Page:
The correlation between FFA and tryptophan was significant for Tyr (r = 0.72, P < 0.05), Pla (r = 0.74), and all treatments taken together (r = 0.70, P < 0.001). The highest correlation was seen with the Pla treatment. The plasma tyrosine-to-free tryptophan ratio (Fig.6) increased dramatically from PRE60 to TT in Tyr and CHO+Tyr. From PRE30, the plasma tyrosine-to-free tryptophan ratio was significantly higher for Tyr and CHO+Tyr vs. CHO and Pla (P < 0.05).

Fig. 6.

Tyrosine-to-free tryptophan ratios during the 4 trials.aTyr different from CHO and Pla (P < 0.05); bCHO+Tyr different from CHO and Pla (P < 0.05).

Endurance time trial.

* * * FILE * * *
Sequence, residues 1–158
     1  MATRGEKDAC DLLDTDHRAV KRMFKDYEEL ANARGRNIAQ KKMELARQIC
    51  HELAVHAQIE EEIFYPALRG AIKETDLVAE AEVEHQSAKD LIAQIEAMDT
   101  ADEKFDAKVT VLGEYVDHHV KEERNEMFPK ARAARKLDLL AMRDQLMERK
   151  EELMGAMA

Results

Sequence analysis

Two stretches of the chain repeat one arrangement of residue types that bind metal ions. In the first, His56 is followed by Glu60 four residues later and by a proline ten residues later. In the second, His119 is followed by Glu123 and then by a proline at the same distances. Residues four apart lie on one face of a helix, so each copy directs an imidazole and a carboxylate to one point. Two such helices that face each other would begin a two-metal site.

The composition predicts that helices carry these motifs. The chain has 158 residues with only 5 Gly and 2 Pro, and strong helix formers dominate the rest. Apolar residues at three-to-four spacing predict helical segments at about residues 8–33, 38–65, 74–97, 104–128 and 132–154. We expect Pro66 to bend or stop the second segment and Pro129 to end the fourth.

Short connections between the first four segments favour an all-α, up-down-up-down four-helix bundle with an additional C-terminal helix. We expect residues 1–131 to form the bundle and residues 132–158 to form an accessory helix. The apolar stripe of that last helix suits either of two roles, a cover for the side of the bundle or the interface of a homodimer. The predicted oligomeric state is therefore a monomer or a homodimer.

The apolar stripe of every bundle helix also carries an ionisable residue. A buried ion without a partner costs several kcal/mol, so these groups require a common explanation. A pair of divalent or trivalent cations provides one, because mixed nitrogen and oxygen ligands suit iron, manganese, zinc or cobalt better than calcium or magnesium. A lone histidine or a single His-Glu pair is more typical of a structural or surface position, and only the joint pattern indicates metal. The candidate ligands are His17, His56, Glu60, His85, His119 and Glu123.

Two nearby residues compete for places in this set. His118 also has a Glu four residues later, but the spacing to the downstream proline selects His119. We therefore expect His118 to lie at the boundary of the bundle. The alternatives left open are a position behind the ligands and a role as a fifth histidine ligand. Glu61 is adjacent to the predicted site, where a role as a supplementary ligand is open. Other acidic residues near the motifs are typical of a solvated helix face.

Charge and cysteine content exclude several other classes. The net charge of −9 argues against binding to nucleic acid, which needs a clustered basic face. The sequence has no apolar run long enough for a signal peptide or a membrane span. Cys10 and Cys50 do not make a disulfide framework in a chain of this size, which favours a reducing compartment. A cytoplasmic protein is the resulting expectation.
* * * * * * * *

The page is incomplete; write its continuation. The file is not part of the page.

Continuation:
Subjects fed CHO completed the endurance time trial in 27.17 ± 0.92 min. Those fed CHO+Tyr completed it in 26.11 ± 1.01 min. These times were significantly lower than performance times for Pla (34.44 ± 2.89 min) and Tyr (32.64 ± 3.05 min) (P < 0.05). For the entire F-test, the regular statistical power was observed to be 0.76. For CHO+Tyr, six of nine subjects completed the time trial faster than all other trials, and eight of nine subjects finished faster vs. Tyr and Pla. For the CHO trial, three of nine completed the time trial faster vs. all other trials, six of nine subjects finished faster than Tyr, and eight of nine subjects finished faster than Pla. Six of nine subjects finished the time trial faster during Tyr compared with the Pla trial. No significant differences were found in time to complete the endurance time trial for CHO vs. CHO+Tyr or Pla vs. Tyr. For specific comparisons between CHO vs. CHO+Tyr and Pla vs. Tyr, a SD of 1.5 would be required to detect differences at a statistical power value of ∼0.82 with nine subjects per group (25). The resultant effect size (ES) for CHO+Tyr compared with CHO is calculated as 0.37 with an estimated statistical power value at 0.11 (P = 0.05). For Tyr vs. Pla, the ES is calculated as 0.21, yielding a statistical power value of ∼0.08 (P = 0.05) (25). Despite no significant differences observed between Tyr and Pla and between CHO and CHO+Tyr, the ES and low statistical power suggest that caution be exercised when making conclusions about these latter comparisons.